It is the unknown we fear when we look upon death and darkness, nothing more.

“I am not worried , Harry,” said Dumbledore, his voice a little stronger despite the freezing water. “I am with you.”

You dare use my own spells against me, Potter? It was I who invented them — I, the Half -Blood Prince!

“Dumbledore would have been happier than anybody to think that there was a little more love in the world.” 

“Somewhere out in the darkness, a phoenix was singing in a way Harry had never heard before: a stricken lament of terrible beauty. And Harry felt, as he had felt about phoenix song before, that the music was inside him, not without: It was his own grief turned magically to song..”

“Such loyalty is admirable, of course,” said Scrimgeour, who seemed to be restraining his irritation with difficulty, “but Dumbledore is gone, Harry. He’s gone.”
“He will only be gone from the school when none here are loyal to him,” said Harry, smiling in spite of himself.”

Scrimgeour turned a nasty purple color highly reminiscent of Uncle Vernon. “I see you are —” “Dumbledore’s man through and through,” said Harry. “That’s right.”

“I’m going back to the Dursleys’ once more, because Dumbledore wanted me to,” said Harry. “But it’ll be a short visit, and then I’ll be gone for good.”

“I thought I might go back to Godric’s Hollow,” Harry muttered. He had had the idea in his head ever since the night of Dumbledore’s death. “For me, it started there, all of it. I’ve just got a feeling I need to go there. And I can visit my parents’ graves, I’d like that.”

“I don’t think you’re a waste of space.” If Harry had not seen Dudley’s lips move, he might not have believed it.

“Well, none of us really fancy it, Harry,” said Fred earnestly. “Imagine if something went wrong and we were stuck as specky, scrawny gits forever.”

Fred and George turned to each other and said together, “Wow — we’re identical!”

“Saintlike,” repeated George, opening his eyes and looking up at his brother. “You see . . . I’m holy. Holey, Fred, geddit?”

“‘The Last Will and Testament of Albus Percival Wulfric Brian Dumbledore’ . . . Yes, here we are . . . ‘To Ronald Bilius Weasley, I leave my Deluminator, in the hope that he will remember me when he uses it.’”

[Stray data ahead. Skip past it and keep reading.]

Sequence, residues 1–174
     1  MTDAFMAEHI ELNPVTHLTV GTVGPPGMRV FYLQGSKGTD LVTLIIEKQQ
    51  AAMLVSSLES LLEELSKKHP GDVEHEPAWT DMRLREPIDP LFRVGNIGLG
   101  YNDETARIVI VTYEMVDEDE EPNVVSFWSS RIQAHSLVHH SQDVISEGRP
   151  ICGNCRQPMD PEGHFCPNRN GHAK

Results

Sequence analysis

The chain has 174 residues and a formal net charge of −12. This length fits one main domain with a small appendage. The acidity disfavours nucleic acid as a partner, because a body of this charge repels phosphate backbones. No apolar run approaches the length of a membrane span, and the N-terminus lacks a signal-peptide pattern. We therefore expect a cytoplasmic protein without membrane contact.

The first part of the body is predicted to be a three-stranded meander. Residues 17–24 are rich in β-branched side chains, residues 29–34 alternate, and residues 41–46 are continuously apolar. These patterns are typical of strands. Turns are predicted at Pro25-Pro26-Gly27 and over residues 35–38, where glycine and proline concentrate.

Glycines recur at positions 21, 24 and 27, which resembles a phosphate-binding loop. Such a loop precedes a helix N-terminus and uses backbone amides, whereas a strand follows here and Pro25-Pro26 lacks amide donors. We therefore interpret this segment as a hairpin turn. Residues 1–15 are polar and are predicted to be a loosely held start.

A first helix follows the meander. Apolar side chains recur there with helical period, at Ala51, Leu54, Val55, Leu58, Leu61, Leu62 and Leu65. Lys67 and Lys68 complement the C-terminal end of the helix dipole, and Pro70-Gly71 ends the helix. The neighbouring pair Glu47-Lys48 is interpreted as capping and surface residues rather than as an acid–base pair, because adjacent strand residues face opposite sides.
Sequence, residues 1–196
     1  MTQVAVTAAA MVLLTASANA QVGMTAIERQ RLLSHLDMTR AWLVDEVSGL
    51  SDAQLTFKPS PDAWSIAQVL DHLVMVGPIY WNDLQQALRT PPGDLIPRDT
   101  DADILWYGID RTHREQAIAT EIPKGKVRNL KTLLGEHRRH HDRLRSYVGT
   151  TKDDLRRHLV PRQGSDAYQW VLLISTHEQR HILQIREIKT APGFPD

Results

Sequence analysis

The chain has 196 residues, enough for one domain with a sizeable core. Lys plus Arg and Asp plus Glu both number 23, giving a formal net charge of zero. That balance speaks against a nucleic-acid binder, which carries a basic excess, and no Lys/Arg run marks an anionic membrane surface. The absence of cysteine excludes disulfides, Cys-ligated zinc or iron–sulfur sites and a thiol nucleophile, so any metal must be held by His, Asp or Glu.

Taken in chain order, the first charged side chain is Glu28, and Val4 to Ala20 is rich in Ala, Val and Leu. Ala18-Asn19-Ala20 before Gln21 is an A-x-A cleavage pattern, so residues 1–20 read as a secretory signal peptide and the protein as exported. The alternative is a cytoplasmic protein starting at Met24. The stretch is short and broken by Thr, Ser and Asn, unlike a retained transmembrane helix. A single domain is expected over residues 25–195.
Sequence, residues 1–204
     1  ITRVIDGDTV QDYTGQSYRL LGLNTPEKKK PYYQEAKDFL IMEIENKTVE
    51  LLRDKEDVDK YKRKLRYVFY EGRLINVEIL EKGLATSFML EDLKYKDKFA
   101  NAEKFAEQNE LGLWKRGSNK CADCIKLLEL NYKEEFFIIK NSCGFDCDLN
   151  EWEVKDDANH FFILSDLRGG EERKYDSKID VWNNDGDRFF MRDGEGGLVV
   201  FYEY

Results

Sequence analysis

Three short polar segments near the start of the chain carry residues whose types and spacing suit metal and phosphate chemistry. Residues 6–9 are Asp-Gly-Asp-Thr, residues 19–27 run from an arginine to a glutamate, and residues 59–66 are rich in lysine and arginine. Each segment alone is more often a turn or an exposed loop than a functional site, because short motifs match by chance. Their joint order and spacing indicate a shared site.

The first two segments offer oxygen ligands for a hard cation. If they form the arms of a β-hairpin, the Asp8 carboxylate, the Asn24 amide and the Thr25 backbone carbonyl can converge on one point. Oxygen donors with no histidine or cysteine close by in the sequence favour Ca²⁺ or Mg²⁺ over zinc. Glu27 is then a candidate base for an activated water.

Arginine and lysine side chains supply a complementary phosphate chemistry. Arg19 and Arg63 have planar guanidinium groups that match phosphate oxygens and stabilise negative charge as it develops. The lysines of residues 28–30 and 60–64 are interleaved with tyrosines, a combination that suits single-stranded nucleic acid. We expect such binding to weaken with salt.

“He . . . he knew I liked books,” said Hermione in a thick voice, mopping her eyes with her sleeve. “But why that particular book?” “I don’t know. He must have thought I’d enjoy it.”

“‘ To Harry James Potter,’” he read, and Harry’s insides contracted with a sudden excitement, “‘ I leave the Snitch he caught in his first Quidditch match at Hogwarts, as a reminder of the rewards of perseverance and skill.’”

“Kreacher, I’d, er, like you to have this,” he said, pressing the locket into the elf’s hand. “This belonged to Regulus and I’m sure he’d want you to have it as a token of gratitude for what you —”

“Dobby has no master!” squealed the elf. “Dobby is a free elf, and Dobby has come to save Harry Potter and his friends!”

Grief, it seemed, drove Voldemort out . . . though Dumbledore, of course, would have said that it was love. . . .

It was not, after all, so easy to die. Every second he breathed, the smell of the grass, the cool air on his face, was so precious: To think that people had years and years, time to waste, so much time it dragged , and he was clinging to each second.

It is a curious thing, Harry, but perhaps those who are best suited to power are those who have never sought it . Those who, like you, have leadership thrust upon them, and take up the mantle because they must, and find to their own surprise that they wear it well.

You are the true master of death, because the true master does not seek to run away from Death. He accepts that he must die, and understands that there are far, far worse things in the living world than dying.”

“Do not pity the dead, Harry . Pity the living, and, above all, those who live without love.

Kreacher, his bullfrog’s voice audible even above this din: “Fight! Fight! Fight for my Master, defender of house-elves! Fight the Dark Lord, in the name of brave Regulus! Fight!”

 The scar had not pained Harry for nineteen years. All was well.

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                         __\   \      Hunter Collins, Slytherin